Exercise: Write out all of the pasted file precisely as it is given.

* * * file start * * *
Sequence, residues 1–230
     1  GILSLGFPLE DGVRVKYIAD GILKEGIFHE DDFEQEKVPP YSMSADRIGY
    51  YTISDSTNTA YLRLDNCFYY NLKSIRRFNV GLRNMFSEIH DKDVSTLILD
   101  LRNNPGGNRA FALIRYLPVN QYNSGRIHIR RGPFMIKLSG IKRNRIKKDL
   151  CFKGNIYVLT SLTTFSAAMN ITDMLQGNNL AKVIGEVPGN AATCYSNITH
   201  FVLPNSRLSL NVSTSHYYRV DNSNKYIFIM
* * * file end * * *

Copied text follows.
Sequence, residues 1–230
     1  GILSLGFPLE DGVRVKYIAD GILKEGIFHE DDFEQEKVPP YSMSADRIGY
    51  YTISDSTNTA YLRLDNCFYY NLKSIRRFNV GLRNMFSEIH DKDVSTLILD
   101  LRNNPGGNRA FALIRYLPVN QYNSGRIHIR RGPFMIKLSG IKRNRIKKDL
   151  CFKGNIYVLT SLTTFSAAMN ITDMLQGNNL AKVIGEVPGN AATCYSNITH
   201  FVLPNSRLSL NVSTSHYYRV DNSNKYIFIM